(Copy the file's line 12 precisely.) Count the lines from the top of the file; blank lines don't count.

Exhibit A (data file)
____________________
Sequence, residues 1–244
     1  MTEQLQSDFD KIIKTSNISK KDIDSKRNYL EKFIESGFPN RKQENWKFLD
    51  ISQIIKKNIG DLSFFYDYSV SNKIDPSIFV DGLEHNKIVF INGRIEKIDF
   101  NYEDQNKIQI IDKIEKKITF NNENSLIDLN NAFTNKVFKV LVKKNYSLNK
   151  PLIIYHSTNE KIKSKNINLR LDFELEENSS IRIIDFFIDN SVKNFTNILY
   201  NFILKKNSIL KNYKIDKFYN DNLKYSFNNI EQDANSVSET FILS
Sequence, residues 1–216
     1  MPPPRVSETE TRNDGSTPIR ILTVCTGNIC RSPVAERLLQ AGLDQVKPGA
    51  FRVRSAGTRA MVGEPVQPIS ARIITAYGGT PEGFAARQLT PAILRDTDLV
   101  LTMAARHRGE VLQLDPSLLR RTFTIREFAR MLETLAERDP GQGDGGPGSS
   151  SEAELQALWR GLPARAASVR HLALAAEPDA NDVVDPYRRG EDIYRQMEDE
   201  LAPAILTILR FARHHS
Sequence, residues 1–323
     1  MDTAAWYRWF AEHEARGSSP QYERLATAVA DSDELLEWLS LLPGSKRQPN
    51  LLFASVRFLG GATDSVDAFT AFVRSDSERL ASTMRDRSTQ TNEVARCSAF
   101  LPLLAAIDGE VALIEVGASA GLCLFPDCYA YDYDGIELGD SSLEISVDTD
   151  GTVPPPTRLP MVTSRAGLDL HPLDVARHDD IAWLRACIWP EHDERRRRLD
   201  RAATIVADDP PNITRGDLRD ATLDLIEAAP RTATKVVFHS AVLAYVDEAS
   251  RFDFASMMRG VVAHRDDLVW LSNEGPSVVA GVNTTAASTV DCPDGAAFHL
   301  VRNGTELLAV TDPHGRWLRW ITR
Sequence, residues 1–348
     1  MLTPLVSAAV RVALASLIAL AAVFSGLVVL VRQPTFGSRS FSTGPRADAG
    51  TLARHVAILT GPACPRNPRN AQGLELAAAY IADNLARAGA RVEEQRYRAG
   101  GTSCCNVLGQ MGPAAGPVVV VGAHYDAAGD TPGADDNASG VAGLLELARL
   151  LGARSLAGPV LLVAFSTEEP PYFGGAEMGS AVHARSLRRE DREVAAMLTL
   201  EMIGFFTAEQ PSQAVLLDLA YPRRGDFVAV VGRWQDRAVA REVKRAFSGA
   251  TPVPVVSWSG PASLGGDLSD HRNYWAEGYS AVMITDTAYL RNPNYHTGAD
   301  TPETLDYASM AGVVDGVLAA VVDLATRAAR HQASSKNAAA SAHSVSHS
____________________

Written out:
   201  LAPAILTILR FARHHS